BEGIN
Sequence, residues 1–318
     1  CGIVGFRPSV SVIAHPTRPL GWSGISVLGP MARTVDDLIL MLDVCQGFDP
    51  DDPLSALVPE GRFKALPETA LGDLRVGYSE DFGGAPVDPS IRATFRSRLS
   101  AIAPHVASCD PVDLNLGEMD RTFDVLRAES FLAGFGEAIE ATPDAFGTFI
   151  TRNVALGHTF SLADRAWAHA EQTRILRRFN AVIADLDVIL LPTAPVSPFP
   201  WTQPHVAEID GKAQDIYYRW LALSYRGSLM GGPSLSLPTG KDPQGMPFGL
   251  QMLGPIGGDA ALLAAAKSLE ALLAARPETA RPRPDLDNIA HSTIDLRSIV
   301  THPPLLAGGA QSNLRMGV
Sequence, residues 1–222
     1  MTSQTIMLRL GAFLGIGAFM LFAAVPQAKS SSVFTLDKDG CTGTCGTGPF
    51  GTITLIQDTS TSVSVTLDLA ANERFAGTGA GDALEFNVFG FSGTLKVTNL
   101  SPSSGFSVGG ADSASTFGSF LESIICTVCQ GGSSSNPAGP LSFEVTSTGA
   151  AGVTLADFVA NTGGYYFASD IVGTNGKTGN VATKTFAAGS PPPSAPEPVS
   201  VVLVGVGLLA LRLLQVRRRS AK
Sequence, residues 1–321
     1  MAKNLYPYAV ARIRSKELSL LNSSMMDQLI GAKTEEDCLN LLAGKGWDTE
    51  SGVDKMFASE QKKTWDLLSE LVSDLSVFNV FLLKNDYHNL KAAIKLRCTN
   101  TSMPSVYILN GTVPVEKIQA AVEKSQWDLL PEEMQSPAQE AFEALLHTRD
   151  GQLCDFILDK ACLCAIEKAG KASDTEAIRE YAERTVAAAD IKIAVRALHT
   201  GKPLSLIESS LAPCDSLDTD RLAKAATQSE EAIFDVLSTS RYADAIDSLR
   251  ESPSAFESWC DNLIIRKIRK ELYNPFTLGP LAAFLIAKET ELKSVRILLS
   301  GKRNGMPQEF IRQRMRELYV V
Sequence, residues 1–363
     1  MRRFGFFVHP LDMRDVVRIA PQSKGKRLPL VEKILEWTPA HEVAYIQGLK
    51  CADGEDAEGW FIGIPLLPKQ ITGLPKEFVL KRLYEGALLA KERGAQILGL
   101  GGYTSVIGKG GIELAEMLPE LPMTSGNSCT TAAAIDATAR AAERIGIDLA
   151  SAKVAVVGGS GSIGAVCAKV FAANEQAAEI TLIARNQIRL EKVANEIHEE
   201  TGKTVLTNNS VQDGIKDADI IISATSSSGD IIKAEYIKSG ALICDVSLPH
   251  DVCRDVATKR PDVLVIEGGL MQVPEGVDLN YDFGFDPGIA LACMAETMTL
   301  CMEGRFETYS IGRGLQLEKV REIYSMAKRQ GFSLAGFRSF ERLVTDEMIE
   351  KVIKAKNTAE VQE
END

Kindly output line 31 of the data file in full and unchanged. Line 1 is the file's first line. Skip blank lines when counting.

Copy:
   351  KVIKAKNTAE VQE